Dads: Do I have low testosterone

Does TRT work

Testosterone… The fountain of youth. The cure for all of your aging problems.

Tired? No energy? Take a shot of testosterone.

No sex drive? Take a shot of testosterone.

Gaining weight around the midsection no matter what you do? Take a shot of testosterone.

Depressed? Can’t seem to get out of your funk? Take a shot of testosterone.

Losing strength? No stamina? Take a shot of testosterone.

Despite all of these purported benefits, if I had a nickel for every guy that started testosterone and then subsequently stopped it within 3 months, I’d be able to swim in my piggy bank like Scrooge McDuck.

Yet the science is pretty clear – Guys with low testosterone (T) and symptoms of low T who then start testosterone replacement therapy (TRT), improve.

So, what gives? How can one guy with low T and symptoms of low testosterone be reborn while another guy with the almost exact same T blood levels and symptoms actually get worse when TRT is started?

3 reasons…

  1. Not every problem can be solved with a hammer: Obviously, we’re all different. There’s not a drug on the market today that’s 100% effective for everyone. And when it comes to hormones and very generic, subjective symptoms like low energy, there can be an entire book written on possible causes. It could very well be high cortisol, low B12, an extremely low-fat diet, lack of sleep, or at least 30 other different causes that even injectable testosterone can’t cure.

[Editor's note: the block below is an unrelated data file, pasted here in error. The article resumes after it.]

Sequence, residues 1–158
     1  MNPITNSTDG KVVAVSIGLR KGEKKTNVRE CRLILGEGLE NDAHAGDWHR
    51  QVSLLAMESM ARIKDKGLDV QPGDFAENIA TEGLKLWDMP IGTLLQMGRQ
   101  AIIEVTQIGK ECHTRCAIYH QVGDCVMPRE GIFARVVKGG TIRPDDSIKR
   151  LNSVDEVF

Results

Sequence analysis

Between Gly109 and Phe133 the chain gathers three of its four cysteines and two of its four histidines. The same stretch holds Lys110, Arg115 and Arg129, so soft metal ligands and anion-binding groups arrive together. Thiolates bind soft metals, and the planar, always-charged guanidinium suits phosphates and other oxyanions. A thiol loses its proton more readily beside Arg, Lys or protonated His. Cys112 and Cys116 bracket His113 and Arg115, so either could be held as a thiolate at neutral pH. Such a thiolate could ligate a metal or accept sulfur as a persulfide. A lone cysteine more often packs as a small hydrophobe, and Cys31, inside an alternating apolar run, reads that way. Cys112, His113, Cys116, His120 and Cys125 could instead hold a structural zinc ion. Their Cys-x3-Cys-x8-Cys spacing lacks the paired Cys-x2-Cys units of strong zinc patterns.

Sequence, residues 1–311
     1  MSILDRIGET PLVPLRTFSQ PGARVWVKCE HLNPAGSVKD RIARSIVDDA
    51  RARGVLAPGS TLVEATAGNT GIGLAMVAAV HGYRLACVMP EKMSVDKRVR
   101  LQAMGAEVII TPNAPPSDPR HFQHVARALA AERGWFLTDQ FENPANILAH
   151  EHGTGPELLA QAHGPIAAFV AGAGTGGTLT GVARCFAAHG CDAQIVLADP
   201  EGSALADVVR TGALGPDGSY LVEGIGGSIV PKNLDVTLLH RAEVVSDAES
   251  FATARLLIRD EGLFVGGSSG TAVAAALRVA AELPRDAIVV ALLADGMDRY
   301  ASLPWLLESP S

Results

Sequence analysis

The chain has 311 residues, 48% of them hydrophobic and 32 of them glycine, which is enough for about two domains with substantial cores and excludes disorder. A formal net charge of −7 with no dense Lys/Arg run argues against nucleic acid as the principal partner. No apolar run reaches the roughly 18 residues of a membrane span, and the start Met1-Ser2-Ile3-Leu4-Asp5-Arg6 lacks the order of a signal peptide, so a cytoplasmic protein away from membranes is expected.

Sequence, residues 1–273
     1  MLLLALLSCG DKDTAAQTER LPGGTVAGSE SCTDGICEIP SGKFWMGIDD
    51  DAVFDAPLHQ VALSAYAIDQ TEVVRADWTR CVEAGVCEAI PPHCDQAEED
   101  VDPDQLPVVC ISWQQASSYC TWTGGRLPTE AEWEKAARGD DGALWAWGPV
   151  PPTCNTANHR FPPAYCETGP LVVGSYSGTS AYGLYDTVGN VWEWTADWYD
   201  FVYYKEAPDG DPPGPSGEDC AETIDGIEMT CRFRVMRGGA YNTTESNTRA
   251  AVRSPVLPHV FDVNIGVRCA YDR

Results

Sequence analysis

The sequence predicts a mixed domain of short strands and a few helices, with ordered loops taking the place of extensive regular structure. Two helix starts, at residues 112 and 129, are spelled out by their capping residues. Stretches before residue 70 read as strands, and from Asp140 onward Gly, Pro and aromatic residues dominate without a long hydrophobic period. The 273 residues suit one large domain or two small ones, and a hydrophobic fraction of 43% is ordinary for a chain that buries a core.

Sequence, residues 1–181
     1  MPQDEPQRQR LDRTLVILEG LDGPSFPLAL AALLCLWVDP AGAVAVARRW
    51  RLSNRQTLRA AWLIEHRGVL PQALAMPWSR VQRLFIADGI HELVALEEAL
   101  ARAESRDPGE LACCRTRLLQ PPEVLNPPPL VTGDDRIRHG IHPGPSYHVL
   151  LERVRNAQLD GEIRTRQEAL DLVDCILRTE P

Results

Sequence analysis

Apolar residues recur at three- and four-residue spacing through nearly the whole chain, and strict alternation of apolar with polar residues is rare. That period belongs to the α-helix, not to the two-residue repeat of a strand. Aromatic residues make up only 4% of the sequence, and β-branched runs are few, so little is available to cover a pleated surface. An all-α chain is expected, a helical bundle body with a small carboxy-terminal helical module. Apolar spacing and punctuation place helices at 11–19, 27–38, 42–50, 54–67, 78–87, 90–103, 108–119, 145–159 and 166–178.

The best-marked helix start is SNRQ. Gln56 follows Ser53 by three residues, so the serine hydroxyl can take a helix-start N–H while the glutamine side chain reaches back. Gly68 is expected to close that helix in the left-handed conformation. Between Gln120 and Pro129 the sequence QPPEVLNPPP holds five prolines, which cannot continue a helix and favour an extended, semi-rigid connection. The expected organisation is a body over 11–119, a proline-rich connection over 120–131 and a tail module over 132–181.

2. A firefighter or a fire starter: I’d be willing to argue that this is the most often cause of a poor response to TRT. Because of the purported benefits and lovely TRT ads from pharmaceutical companies, when we inject T, in our mind, we feel like we’re injecting the blood of a lion, and not just any lion, the biggest, baddest lion in the jungle. Instantly we expect to become the alpha male, oozing strength, stamina, and sex. And worse yet, we expect that without changing anything else. We eat the same crap we’ve eaten for the last 10 years. We don’t exercise. We get 5 hours of sleep a night. We expect testosterone to literally be a magical cure. Guys, that’s not going to happen. In fact, I’d be willing to argue that adding testosterone, especially injectable testosterone, to a poor diet, a lack of sleep, and a lack of exercise just adds fuel to the fire. That’s also why we probably see a study published every so often that says testosterone is dangerous. Because it is if the lifestyle that led to the low testosterone isn’t improved too. However, when added to an improved lifestyle, it’s as close to the fountain of youth as you’re going to get.
  1. It’s testosterone and…: Testosterone doesn’t act alone. In fact, there isn’t a hormone in the human body that acts alone. Instead, it acts in concert with a team of hormones like estradiol, DHT, insulin, and progesterone. So when testosterone is added to the human body, we have to make sure the other players are within their boundaries too.

Here are a few ways that you can have normal T levels but still feel like like you suffer from low T: